Like many modern all-in-one printers, the Dell V515w includes an 802.11b/g wireless card that's supposed to help you cut the cord and free up USB ports that would otherwise be used for an inelegant connection to the host computer. The wireless installation disc that comes in the bundle does an adequate job of walking you through the Wi-Fi Protected Setup (WPS) using your wireless router's SSID and WPA password, but our connection kept giving us an error message that said "Cannot Print over a Wireless Network" despite the green notification light that supposedly indicates a solid connection. The message goes away after power-cycling the printer and the computer on and off again, but the message kept appearing intermittently, to our confusion. We went online and found that other V515w users reported similar errors on the Amazon.com customer reviews site, and Dell.com support didn't have an answer either. We always default to a hardwired USB connection for our speed tests so the printer doesn't waste time pinging the router before sending a job through to the printer, but we can't imagine the average consumer having an easier time establishing a network connection.
The V515w uses two separate cartridges for tricolor and black inks and ships with standard-capacity cartridges in the box. Alternatively, Dell also sells high-capacity ink cartridges on the company's Web site, but the page yield numbers are no longer listed on the site so we can't accurately calculate the cost per page. We can tell you that the standard cartridge didn't even last long enough for us to finish our quality and speed test, and the customer complaints on Amazon.com and the Dell.com purchase pages echo our experience.
The Dell V515w made quick work of all four speed document tests compared with the competition, producing text pages at a chart-topping rate of 8.39 pages per minute (PPM) over Lexmark, HP, Kodak and Canon units. The presentation and color graphics page tests yielded average results at 3.5PPM and 3.35PPM respectively, but the printer lagged while printing single 4x6" snapshot photos due to a significant pause between prints to allow for the ink to dry on the page before picking up the next sheet.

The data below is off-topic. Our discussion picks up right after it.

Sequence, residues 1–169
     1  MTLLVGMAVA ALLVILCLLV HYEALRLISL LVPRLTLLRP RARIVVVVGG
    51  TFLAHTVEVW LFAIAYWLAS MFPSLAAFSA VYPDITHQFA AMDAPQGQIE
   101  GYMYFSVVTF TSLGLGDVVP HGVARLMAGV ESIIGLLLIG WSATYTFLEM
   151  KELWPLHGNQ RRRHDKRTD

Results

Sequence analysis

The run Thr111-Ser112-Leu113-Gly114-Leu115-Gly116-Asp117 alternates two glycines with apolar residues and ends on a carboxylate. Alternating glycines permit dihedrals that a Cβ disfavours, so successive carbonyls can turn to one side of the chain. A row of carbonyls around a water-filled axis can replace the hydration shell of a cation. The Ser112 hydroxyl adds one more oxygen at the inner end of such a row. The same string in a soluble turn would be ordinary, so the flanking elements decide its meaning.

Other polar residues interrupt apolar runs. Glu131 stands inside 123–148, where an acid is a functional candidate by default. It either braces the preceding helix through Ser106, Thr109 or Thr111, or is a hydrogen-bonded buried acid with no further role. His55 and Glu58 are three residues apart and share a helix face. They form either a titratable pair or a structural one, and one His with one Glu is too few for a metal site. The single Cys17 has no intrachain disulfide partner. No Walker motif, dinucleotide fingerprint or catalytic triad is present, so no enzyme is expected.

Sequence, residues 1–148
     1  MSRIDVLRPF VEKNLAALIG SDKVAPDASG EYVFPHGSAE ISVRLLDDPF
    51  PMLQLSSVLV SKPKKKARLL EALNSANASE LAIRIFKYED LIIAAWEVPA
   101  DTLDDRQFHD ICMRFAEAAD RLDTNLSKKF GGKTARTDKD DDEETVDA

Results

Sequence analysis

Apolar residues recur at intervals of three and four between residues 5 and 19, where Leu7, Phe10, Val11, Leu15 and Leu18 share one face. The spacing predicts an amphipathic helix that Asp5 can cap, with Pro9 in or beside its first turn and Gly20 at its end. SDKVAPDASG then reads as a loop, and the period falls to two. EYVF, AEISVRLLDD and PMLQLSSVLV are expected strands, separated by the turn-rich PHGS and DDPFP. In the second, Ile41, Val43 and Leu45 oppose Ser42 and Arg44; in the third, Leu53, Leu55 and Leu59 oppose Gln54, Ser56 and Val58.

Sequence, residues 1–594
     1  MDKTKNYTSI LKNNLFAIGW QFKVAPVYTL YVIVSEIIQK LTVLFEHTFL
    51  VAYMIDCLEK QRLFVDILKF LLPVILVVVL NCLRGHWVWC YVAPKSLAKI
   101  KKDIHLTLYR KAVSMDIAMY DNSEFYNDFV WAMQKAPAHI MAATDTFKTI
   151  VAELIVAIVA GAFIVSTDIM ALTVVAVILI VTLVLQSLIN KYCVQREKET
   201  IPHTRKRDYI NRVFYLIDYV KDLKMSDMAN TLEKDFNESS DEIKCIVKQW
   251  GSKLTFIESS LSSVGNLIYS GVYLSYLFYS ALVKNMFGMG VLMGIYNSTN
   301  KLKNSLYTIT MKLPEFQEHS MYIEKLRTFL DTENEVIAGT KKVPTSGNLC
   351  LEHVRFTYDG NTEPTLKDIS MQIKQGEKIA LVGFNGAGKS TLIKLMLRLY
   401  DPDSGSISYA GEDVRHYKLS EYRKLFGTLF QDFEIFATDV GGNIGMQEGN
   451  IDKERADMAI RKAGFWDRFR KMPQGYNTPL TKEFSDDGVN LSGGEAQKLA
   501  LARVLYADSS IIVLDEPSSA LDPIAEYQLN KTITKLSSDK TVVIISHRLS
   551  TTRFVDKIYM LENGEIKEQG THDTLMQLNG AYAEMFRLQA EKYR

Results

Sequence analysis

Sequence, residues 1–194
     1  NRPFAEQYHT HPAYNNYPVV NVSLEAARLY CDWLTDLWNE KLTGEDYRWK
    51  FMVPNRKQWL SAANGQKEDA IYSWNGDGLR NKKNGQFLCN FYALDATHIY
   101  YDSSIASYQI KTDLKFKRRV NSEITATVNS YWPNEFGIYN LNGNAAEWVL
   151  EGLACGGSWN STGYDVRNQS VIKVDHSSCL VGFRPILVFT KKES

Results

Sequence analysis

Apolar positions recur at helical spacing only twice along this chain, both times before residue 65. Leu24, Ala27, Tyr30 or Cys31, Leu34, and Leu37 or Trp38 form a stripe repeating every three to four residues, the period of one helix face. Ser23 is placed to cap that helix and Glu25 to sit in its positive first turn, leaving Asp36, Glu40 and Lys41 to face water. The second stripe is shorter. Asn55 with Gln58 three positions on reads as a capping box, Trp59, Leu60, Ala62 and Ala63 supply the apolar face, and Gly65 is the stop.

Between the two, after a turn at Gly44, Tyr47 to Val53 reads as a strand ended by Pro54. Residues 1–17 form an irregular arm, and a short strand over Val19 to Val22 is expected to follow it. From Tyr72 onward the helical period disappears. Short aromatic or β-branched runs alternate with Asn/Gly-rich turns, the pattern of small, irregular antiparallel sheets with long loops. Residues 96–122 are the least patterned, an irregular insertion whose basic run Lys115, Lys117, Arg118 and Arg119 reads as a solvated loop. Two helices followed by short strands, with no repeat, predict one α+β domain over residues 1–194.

(Longer bars indicate better performance)
Presentation speed (PPM) - Photo speed (1 Sheet) - Color graphics speed (PPM) -Text speed (PPM)
Lexmark Interact S605
HP Photosmart C6380
Kodak ESP 5
Canon Pixma MP495
|We weren't quite as impressed with the image quality put out by the Dell. While our full sheet of plain black text looked presentable at first, a closer inspection showed several jagged lines at the corners of text in small fonts, specifically in italicized text — white text on a colored background became unreadable at less than 5 points. Even at the high-quality setting, we wouldn't recommend using this printer for printing PowerPoint presentations or any document to be used in a professional environment. Furthermore, the color graphics page is marred by an overall faded look with a slightly yellow overcast, significantly departing from the color palette of the original image. We can't find any positive things to say about the image quality here, and despite several ink head cleanings and calibrations, the image just doesn't come out as sharp, or as accurate, as we'd expect from a $150 printer.|
Service and support
Dell backs the Photo 926 with a one-year warranty, though you can pay to upgrade to two or three years of coverage. Toll-free phone support is available 24x7, and Dell's site offers email support and user forums. Dell's Web site also has product-specific support in the form of online user guides, drivers and software downloads, and a troubleshooting tool.
Find out more about how we test printers.